An article examined the protection of rights and well-being of children in custody in England and Wales, arguing that by abolishing the use of penal institutions and placing children instead in care-based homes the state would be better able to safeguard rights and to meet its assumed responsibility to parent children whilst in custody. The article also discussed, in this context, the coalition government's proposals to introduce secure colleges for young offenders.
Source: Kathryn Hollingsworth, 'Assuming responsibility for incarcerated children: a rights case for care-based homes', Current Legal Problems, Volume 67 Issue 1
A report examined the state of youth justice in Scotland, and how the Kilbrandon Report (1995) had influenced policy and practice. The report looked at: trends in youth offending patterns over the past ten years; how politics, policy, research, and practice shaped youth justice in post-devolution Scotland; and the influence of values in shaping the current youth justice system. The report made recommendations for practice and policy improvements, including a call to raise the age of criminal responsibility to at least 12, for more age appropriate custody facilities, and for expanding the 'whole system approach'.
Source: Claire Lightowler, David Orr, and Nina Vaswani, Youth Justice in Scotland: Fixed in the past or fit for the future?, Centre for Youth and Criminal Justice
A report examined the general principles of what worked in resettlement with young people as they left custody, and considered the specific needs of girls and young women. The report considered the existing policy context, and examined: reasons behind female youth offending; judicial responses; the characteristics of young females in custody; and lessons from interventions with older females and from any existing studies or interventions that focused on the needs of girls or young women. It concluded that interventions should be based on the gender-neutral lessons that applied to the resettlement of all young people, but that a 'gender-prism' should be applied, to consider the potential, more gender-specific, impact of vulnerabilities, relationships, and empowerment of females in the system.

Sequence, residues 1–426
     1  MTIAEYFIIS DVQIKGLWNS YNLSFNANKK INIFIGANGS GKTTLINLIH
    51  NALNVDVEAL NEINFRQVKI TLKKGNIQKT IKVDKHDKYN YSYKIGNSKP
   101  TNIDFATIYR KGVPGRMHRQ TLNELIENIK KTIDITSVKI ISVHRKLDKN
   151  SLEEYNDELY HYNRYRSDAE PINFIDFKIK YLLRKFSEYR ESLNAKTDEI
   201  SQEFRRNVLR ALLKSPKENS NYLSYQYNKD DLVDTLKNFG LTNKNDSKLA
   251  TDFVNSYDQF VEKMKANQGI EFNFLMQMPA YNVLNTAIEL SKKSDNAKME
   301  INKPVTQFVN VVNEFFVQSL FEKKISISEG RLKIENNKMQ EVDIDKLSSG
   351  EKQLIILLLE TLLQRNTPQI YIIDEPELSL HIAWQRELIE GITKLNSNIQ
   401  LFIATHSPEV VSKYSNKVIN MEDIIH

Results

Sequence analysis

Source: Tim Bateman and Neal Hazel, Resettlement of Girls and Young Women, Beyond Youth Custody
A paper examined the practice of children's rights in youth justice.
Source: Kathryn Hollingsworth, Re-Imagining Justice for Children: A new rights-based approach to youth justice, Working Paper 10/2014, Howard League for Penal Reform
An article examined recent developments in the use of 'out of court' disposals in youth justice in England and Wales, and recent trends towards decreased use of formal procedures.
Source: Roger Smith, 'Re-inventing diversion', Youth Justice, Volume 14 Number 2
An article examined diversion from formal criminal proceedings for young people who had offended. It said that, unless the young person was willing to admit to the offence, it was not possible to divert them from the formal process, and the article considered whether new provisions in the Legal Aid, Sentencing and Punishment of Offenders Act 2012 was a lost opportunity to reconsider the need for an admission of guilt.
Source: Karen Cushing, 'Diversion from prosecution for young people in England and Wales ï¿½ reconsidering the mandatory admission criteria', Youth Justice, Volume 14 Number 2
An article examined the role of the Youth Justice Board for Wales (YJB Cymru) in developing youth justice policy and practice in the partially-devolved context of Wales. It said that YJB Cymru had an increasingly important role in policy and practice development structures and processes in England and Wales, as well as in the Welsh national context specifically, fulfilling a role of 'dual influence' to mediate and manage youth justice tensions in the partially-devolved context.
Source: Stephen Case, 'Strategic complexities and opportunities in Welsh youth justice: exploring YJB Cymru', Safer Communities, Volume 13 Number 3
A report examined the police use of stop and searches on children and young people and the police custody facilities in place for this age group. It said that there were examples of police forces working well to develop positive relationships with children and young people, but there were a number of concerns: about the extent of stop and searches conducted on children in the past five years (over one million across 26 police forces); that some of these children were under the age of criminal responsibility; that, in some areas, disproportionate numbers of children from black and minority-ethnic groups were stopped; that just under half of forces did not provide separate custody facilities for children; and that there was a lack of specific statutory guidance for the police regarding these issues. The report was from an ongoing wider inquiry into the experiences and relationships of children and young people in contact with the police.
Source: All Party Parliamentary Group for Children Inquiry into 'Children and the Police': Initial analysis of information request to police forces, All Party Parliamentary Group for Children